Where was I? Oh, yes…

George Beauchamp didn’t like this very much and realized it was retarded. He was unable to get the volume out of the guitar that he needed to be heard along with the other instruments. (Important side note: It’d be a bit longer before the guitar moved to the front of the band.)

So, using magnets and coils, Beauchamp set about making himself an electrified guitar. Well, it pretty much sucked – but he was pretty pleased with himself. I’d like to think the first thing he played was a bitchin’ solo, but that’s unlikely because the bitchin’ solo hadn’t yet been invented. This was still the 1920s, after all.

Even though it sucked, George thought it was the best thing ever. He meandered all over California with his band and guitar. This would have been awesome, but did I mention it kind of sucked? Well, it did.

Eventually, and I’m not actually sure how, he met a fella by the name of Adolph Rickenbacker at Dopyera Brothers in Los Angeles, CA. It turns out, Adolf was a bit of an electrical engineer and was really interested in new technology. Working together, they fashioned themselves some pickups and probably worked on playing bitchin’ solos together.

It’s sort of important to note that they weren’t actually the first to amplify a guitar. No, the first amplified guitars were probably from the jazz guitarists and they weren’t actually commercially available.

It was about this time when they started making guitars out of metal. George and Adolf said, “Sweet.” Then, they put their pickups into these metal guitars. These guitars were shaped like long-handled frying pans and the “Frying Pan” electric guitar, and amplification, were born.

That was in 1931.

Strangely, there’s no story of misdeeds and intrigue. The Rickenbacker guitars are known as such ’cause Beauchamp is fucking hard for people to pronounce.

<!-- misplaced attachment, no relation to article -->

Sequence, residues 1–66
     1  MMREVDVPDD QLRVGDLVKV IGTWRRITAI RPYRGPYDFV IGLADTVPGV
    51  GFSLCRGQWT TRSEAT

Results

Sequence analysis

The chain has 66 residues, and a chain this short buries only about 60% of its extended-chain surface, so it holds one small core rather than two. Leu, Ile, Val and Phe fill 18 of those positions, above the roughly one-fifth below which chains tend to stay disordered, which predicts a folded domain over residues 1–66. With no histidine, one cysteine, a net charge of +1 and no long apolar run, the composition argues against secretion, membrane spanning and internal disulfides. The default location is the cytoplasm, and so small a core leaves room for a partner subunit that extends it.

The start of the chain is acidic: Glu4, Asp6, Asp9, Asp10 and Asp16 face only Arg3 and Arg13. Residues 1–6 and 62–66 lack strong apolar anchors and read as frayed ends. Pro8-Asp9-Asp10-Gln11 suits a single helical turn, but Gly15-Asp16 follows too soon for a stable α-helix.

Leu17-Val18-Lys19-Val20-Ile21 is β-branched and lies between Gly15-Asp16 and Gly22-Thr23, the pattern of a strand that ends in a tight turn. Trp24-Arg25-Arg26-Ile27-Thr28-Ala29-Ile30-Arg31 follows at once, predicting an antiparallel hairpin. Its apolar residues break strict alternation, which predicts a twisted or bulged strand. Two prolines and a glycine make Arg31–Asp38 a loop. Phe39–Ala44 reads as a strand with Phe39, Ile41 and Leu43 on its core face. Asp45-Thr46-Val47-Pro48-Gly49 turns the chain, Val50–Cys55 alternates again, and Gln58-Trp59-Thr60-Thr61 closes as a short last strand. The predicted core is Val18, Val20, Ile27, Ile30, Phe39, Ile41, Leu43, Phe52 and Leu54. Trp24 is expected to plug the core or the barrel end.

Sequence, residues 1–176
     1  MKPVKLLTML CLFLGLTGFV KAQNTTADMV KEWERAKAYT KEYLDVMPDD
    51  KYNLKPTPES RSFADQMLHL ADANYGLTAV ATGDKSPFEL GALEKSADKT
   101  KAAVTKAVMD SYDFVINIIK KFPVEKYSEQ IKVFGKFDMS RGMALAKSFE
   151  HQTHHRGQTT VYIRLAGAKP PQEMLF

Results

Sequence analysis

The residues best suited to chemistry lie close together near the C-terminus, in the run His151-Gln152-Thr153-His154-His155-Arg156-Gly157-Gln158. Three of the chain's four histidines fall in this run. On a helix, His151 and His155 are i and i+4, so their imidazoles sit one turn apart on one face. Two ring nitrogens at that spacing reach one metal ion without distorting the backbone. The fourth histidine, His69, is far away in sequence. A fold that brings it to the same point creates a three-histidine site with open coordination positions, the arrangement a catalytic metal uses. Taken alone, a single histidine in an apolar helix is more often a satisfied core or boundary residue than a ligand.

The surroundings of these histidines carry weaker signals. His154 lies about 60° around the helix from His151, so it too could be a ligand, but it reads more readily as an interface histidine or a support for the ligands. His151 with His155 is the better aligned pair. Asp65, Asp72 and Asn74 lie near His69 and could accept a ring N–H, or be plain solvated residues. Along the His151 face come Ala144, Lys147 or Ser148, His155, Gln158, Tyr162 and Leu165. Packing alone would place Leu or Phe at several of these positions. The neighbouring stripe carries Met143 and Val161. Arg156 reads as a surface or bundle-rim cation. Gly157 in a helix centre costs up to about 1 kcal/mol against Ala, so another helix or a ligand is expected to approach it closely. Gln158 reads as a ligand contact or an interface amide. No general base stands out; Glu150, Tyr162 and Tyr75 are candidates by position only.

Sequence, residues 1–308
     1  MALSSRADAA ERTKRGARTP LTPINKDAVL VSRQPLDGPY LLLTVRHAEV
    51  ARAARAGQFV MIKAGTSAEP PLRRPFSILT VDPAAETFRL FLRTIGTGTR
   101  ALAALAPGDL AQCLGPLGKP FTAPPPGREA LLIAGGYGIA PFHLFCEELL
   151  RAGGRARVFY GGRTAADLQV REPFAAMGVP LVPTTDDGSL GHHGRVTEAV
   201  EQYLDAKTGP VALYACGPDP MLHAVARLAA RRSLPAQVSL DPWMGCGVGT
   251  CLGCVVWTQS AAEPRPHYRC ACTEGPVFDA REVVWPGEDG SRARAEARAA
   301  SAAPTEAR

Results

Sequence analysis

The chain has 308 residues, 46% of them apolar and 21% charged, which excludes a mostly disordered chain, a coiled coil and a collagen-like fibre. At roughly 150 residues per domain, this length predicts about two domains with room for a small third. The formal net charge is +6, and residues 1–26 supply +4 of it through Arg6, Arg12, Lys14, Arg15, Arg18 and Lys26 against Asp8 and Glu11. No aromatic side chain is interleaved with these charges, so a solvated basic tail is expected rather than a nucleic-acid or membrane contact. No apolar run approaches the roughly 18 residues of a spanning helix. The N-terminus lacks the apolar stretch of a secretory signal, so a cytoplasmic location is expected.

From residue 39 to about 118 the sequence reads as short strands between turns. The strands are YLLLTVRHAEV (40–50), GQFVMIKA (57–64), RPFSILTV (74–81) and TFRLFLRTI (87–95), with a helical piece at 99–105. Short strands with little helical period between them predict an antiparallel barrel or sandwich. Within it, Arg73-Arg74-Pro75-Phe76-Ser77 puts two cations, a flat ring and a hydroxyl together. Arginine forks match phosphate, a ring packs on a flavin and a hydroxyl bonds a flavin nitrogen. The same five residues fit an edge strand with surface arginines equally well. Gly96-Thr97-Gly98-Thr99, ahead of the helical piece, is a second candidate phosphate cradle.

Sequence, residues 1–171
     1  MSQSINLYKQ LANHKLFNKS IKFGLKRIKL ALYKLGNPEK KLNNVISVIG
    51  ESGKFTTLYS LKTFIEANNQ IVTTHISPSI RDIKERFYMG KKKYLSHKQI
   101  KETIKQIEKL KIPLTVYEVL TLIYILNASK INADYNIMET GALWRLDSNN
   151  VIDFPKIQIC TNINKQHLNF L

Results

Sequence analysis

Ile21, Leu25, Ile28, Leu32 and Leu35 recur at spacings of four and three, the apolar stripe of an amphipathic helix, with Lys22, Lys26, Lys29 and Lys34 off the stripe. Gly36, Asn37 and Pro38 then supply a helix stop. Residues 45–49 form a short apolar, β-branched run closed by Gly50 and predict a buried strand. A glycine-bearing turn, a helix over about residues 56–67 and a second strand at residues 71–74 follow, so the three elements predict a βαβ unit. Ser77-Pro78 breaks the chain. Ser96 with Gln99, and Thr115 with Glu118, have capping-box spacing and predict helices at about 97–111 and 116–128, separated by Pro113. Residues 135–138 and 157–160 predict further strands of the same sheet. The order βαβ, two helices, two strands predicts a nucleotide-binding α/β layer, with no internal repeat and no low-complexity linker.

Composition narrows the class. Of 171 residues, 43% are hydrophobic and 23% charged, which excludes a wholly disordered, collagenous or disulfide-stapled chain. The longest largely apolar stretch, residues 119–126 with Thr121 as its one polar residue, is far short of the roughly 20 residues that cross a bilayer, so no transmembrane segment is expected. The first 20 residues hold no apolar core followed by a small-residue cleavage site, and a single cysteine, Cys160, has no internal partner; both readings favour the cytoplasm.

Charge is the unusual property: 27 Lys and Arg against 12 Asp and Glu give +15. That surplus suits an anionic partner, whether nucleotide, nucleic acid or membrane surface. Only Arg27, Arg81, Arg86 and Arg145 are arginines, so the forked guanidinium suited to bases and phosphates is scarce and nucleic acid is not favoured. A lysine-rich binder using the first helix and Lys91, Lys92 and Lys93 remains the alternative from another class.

And those were the first commercially viable electric guitars. They weren’t invented to make bitchin’ solos. Nobody would leap around with ’em for years to come. They woudn’t move to the front of the band until the 1950s. They were invented so that they could play Hawaiian music at volumes loud enough to be heard with the rest of the band.

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Triads (just the basics)

By now, you’ve been playing for a while and you keep hearing this term, “Triads.” It sounds awfully fancy but let’s think about it for a moment.

I’m going to keep this pretty basic.

Remember that tricycle you rode as a child? How about a triangle? Well, “tri” means three and that’s exactly what triads means. It means chords made up of three notes. So, a Cmaj would be C, E, and G. A Cmin would be C, Eb, and G.

Fuck that noise.

A good rule of thumb is that a major triad is shaped like Emin, A, or D chord. You can barre or grand barre them – and they’re almost certainly a major triad.

What a minor triad? That’s easy. The Emin, Amin, or Dmin shapes would almost certainly be a minor triad. You can smash ’em around all across the fretboard and you’re probably playing a minor triad.

I say “probably” because someone’s likely to come along and point out that there’s a spot where that’s not technically true – but I don’t know of such a spot and I’m too lazy to stop and run through checking.

So, where do they fit?

Major triads go with the major scale and major pentatonic scales.

Minor triads fit with the natural minor scale (sometimes called the Aeolian scale), Dorian scale, Phrygian scale, and minor pentatonic scale.